Do Real Madrid really need Paul Pogba to bring the best out of their system?
If Real Madrid manage to sign Paul Pogba, it would present Zinedine Zidane with a welcome headache about the system he should play.
Chapter I: The Unnecessary lavishness of Real Madrid
‘Man of the match: Angel di Maria,’ read the words on the big screen at Estadio da Luz after the conclusion of the game. Real Madrid had just beaten Atletico Madrid 4-1 to lift their tenth Champions League title in 2014—and Angel di Maria was the star of the day.
The Argentine was Madrid’s best player that season. He was the fulcrum of Carlo Ancelotti’s 4-3-3, playing as the right-sided central midfielder in a box-to-box role. His ability to bring the ball from deep and turn defence into attack proved absolutely vital for the Blancos as they went on to win the Copa del Rey and La Decima that year. It was not only his attacking abilities that assisted Real Madrid to glory as his tenacity meant that the Blancos had defensive stability in their system.
However, by the time the new season began, he was no longer a Real Madrid player.
After having a tremendous tournament at the World Cup 2014, James Rodriguez became a star. His good looks and dashing playing style made him a heartthrob among fans—a combination that brings commercial success.
Florentino Perez can smell marketability even when his nose is jammed with cold. He bought the Colombian for a mammoth €80 million, making him the 5th most expensive player in history.
Signing another midfielder meant that someone had to go. Ultimately, it was di Maria who was shipped off to Manchester United to make room for the former Porto star. It was a move to reap commercial benefits from the World Cup’s Golden Boot winner while selling their most important player in the process.
Chapter II: Paul Pogba, the necessary lavish signing
Florentino Perez maintained his style of making flamboyant purchases ever since he was elected the president of the club for the second time. Jose Mourinho might have done a lot of wrongs at Madrid, but he made sure that he had absolute control over the transfers and, hence, no big-money and unnecessary superstars joined Real Madrid under him.
However, as the 2016 transfer window opens, Real Madrid have already been linked with several star players. One of them is Paul Pogba, a man deemed unnecessary by many quarters of the Madrid fanbase.
First of all, if reports are to be believed, Florentino Perez is, apparently, not a big fan of the young Frenchman. It is Zinedine Zidane who wants him and one can understand why.
The French manager might have won the Champions League with the club, but it was with a squad that he inherited. Right now, with the opportunity to sign new players, he wants to stamp his own imprint on the squad––and it begins with the signing Paul Pogba.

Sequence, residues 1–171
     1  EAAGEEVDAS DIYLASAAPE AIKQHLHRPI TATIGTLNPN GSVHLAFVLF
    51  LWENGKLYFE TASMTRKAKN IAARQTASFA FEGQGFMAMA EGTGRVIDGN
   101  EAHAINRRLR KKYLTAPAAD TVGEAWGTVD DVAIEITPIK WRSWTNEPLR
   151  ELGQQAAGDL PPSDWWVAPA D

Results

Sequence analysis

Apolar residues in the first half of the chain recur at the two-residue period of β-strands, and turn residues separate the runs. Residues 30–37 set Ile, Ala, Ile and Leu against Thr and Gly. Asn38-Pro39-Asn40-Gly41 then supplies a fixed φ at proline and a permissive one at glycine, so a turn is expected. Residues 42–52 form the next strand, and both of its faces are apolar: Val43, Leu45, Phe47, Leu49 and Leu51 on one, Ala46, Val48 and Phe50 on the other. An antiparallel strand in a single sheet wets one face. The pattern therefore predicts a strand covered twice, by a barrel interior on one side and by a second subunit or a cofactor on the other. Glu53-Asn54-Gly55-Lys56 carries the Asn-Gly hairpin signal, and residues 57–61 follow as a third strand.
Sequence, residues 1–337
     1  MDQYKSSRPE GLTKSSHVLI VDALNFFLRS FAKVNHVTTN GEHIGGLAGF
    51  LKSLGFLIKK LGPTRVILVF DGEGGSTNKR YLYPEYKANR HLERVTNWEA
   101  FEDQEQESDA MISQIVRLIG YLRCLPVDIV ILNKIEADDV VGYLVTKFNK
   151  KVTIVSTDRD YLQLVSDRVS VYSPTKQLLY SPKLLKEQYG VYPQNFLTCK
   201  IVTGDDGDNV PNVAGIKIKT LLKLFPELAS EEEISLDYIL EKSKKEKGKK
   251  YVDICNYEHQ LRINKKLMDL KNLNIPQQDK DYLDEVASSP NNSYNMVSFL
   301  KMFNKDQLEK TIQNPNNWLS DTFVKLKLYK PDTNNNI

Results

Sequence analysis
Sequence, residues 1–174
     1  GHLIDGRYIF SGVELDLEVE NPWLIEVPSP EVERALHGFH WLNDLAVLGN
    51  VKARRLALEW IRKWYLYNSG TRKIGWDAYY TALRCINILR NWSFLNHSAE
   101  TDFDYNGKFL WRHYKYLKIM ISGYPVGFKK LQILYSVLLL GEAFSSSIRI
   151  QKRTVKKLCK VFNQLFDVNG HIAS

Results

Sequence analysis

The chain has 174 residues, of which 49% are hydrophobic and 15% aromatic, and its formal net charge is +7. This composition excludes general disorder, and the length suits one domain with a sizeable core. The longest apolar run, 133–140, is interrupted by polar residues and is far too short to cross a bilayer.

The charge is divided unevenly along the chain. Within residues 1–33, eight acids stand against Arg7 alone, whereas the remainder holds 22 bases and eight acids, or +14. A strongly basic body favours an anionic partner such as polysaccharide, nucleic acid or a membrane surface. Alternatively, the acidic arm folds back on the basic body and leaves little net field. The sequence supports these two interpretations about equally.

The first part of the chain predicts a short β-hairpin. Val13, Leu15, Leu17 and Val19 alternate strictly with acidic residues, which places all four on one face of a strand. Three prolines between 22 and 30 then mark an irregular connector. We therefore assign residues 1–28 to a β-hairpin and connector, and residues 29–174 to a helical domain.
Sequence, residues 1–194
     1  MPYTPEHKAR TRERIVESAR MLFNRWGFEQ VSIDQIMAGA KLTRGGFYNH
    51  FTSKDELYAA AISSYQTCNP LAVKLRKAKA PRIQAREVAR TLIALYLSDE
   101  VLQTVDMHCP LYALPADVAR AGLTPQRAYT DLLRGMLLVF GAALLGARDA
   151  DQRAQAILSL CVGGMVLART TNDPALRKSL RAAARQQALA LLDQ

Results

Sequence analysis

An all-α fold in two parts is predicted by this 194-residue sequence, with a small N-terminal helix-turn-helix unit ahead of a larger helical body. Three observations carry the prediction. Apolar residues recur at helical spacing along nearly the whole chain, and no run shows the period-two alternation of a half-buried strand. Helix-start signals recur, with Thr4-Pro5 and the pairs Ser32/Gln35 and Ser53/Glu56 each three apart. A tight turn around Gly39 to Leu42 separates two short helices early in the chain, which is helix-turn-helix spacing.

Pogba might be expensive and he might have exclusively played in the Serie A over the last four years, but whenever he is on the pitch—with Juventus, mostly—he possesses the ability that only a special talent could have.
At Real Madrid, there are three creative playmaker midfielders in Toni Kroos, Luka Modric and Mateo Kovacic; two attacking midfielders in Isco and James; and one destroyer in Casemiro. None of these players are box-to-box midfielders—something Real Madrid have lacked ever since Di Maria left (and Fernando Redondo before him).
With Pogba’s signing, Real not only improve their team, but also add diversity to it. The young Frenchman is perhaps the most complete player in the world--he can dribble, pass, create, score, defend and head—and his variety would give Zinedine Zidane a lot of tactical options.
Chapter III: The Options
The former Manchester United player could be used alongside Luka Modric and Toni Kroos. Two playmakers and a box-to-box would be the perfect combination against the smaller sides, where attacking is the main priority as well as quickly getting back to defend against the counter.
This combination would be the go-to one against most La Liga teams. Pogba’s insane pace means that he could always get back in time to stop the counters of the opposition, something that James and Isco don’t do with much efficiency when fielded alongside the German and the Croat.
Another combination which Zidane could use—mostly against the bigger and tougher sides—is bench one of Toni Kroos or Luka Modric and add Casemiro to the fray, making it a well-balanced midfield that has everything: a destroyer to stop the opponent’s attack, a box-to-box to convert defense into attack and a creator to make chances and set the tempo.
However, the second combination seems like a far-fetched call as benching Kroos or Modric isn’t something Zinedine Zidane would do in a realistic world.
Regardless of that, bringing Pogba adds a lot of options to the Whites’ arsenal. He is a player that brings multiple attributes to a team and it is for this reason that Juventus rate him at €120 million.
Real Madrid have two players—Isco and James—for a position that doesn’t even exist in their system, but not a single box-to-box midfielder to complement the abilities of their midfielders and attackers. Paul Pogba might be expensive—highly overpriced even—but he would be a necessary overpriced signing, unlike so many of the ones that the club have made in the past.